outpatient clinics to perform post discharge follow up with patients to reduce the rate of re-admission which is a big contributor to the cost of healthcare. we know the reminders surveys and education that have proven to lower readmission rates can be successfully and cost effectively conducted by phone. however, this cannot be economically done under the current tcpa. similarly, the irs is 501 r regulation create another unfunded mandate. they require hospitals to make reasonable inquiries. by requiring the use of more labor intensive methods, the fcc and tcpa decisions have added unnecessary expense, diverting resources that could be dedicated to patient care. in today's technologically burgeon society it makes no sense for the fcc to allow
technology to be contacted via land line but not cell phones. the fcc is looking at the modernization of the tcpa in the wrong way. the fcc should be looking at balancing the needs of consumers to obtain healthcare and other information quickly and efficiently through their mobile devices. and, also, be protected by the strong anti-telemarketing rules that already exist. we urge congress to modernize the tcpa to allow automated dialing technology to be used to text or call mobile phones as long as these texts or calls are not for telemarketing purposes. mr. chairman and ranking member nelson, modernization of the tcpa in the healthcare arena is not a partisan issue. nor should it be. we point out the need for government regulations to keep pace with the needs of today's consumers and businesses. it's about government working to bring healthcare costs down for consumers, not drive them up by continuing to require adherence to out dated rules and regulations. the current tcpa invites parties
to pressure care givers for huge payouts. lawsuits, even unsuccessful ones extraordinary time cost and effort to defend. thus rob hospitals of the ability to fulfill their mission. which is delivering quality healthcare at a reasonable cost. thank you for this opportunity. if you have any questions feel free to contact me. i would love to work with the committee. on real solutions to this very important issue. >> thank you. good morning, chairman, ranking member nelson and members of the committee. thank you very much for the opportunity to address the effects of the tcpa on consumers and businesses. my name is monica dasai. i'm a partner at squire patten bogs i'm testifying in my individual capacity and not on behalf of a specific client. before joining the firm, i spent over a decade in senior positions at the fcc. including service as chief of the government and consumer affairs bureau which is the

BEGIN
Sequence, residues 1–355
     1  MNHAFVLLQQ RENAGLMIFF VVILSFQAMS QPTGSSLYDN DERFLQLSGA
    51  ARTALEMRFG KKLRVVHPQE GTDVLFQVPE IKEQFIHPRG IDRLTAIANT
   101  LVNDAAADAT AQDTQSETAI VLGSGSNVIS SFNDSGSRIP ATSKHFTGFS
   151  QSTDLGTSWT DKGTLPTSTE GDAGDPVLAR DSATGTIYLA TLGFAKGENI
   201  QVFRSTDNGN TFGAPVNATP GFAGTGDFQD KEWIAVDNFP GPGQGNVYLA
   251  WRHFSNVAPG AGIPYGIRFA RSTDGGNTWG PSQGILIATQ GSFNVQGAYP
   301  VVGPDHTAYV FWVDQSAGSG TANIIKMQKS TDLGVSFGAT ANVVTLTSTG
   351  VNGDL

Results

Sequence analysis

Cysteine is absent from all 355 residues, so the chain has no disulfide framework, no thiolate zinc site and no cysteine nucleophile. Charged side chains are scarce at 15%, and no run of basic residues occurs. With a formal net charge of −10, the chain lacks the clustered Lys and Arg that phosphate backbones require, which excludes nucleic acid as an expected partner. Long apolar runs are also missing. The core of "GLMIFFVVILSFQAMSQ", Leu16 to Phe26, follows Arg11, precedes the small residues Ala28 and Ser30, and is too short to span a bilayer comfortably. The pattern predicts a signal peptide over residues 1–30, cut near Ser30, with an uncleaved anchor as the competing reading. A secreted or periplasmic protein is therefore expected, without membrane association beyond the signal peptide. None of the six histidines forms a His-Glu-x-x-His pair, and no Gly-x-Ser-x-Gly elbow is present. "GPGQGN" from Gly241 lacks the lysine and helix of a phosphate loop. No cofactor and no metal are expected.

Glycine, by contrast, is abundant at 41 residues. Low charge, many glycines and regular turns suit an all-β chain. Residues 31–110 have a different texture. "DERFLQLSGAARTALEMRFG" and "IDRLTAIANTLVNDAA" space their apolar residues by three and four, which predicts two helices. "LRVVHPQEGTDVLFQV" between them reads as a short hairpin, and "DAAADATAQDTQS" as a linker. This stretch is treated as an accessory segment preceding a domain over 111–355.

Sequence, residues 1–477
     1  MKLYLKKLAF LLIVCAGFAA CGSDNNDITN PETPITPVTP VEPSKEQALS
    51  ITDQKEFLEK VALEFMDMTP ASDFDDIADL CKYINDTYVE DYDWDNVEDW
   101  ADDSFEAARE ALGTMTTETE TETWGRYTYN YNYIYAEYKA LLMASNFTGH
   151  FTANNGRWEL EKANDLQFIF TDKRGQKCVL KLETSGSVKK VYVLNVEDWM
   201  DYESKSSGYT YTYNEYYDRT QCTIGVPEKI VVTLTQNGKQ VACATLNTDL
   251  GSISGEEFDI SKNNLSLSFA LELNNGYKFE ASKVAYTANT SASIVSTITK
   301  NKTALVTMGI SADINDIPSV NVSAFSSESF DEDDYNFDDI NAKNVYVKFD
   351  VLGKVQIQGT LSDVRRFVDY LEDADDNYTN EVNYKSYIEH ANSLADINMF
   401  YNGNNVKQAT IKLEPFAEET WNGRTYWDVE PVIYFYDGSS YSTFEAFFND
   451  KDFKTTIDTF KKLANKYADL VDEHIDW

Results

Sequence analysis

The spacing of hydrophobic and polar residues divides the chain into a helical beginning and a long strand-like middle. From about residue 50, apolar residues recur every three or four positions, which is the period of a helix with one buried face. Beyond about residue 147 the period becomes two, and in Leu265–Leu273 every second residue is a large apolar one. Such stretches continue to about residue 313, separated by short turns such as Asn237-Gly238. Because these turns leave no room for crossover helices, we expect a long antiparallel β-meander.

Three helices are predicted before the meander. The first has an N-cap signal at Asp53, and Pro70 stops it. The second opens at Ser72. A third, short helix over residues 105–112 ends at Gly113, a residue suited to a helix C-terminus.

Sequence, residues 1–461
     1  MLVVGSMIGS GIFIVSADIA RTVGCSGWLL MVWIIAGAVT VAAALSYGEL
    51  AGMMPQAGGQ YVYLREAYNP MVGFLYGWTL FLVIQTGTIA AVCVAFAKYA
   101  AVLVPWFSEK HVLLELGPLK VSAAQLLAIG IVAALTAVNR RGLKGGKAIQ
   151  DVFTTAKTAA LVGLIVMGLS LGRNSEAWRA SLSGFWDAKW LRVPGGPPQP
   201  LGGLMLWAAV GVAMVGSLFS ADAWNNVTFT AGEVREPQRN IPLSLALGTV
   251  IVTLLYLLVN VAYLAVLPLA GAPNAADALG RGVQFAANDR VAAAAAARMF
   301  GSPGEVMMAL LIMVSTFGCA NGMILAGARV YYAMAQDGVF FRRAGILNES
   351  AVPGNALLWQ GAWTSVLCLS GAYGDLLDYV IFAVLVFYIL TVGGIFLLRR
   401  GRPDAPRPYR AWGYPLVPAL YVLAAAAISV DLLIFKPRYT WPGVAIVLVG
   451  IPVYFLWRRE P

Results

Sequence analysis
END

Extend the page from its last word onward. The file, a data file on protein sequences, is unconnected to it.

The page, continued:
bureau that oversees the tcpa policy and rules. in private practice i worked with a wide range of clients in various industry sectors on tcpa compliance. they all share one very serious dilemma. how to manage risk in an environment where the normal expected or desired way to communicate is by calling a cell phone or sending a text and where regulators and industry standards require certain outbound communications via a call or a text. but where every single call to a cell phone or every single text carries with it the potential risk of damages. when congress implemented the tcpa it struck a careful balance in protecting consumers from abusive calls. that made them feel frightened and harassed. protecting public safety entities and businesses from the jammed phone lines caused by specialized dialing equipment that automatically dialled thousands of numbers and
protecting normal expected or desired communications. today, there are no longer any safeguards protecting callers from tcpa liability for normal communications. it doesn't matter if you're a national bank, a local blood bank or tyra banks you may have obtained prior express consent. but you will never know for certain before you make a call whether that number has been reassigned. the fcc created a safe harbor but it doesn't work. the safe harbor doesn't apply after one single reassigned call. whether or not there's any actual knowledge of a reassignment. you may be using modern technology that does not use or even have a random number generator. but according to the fcc, you're still using an automatic telephone dialing system if your equipment has something more than the theoretical potential to be modified at some hypothetical point in the future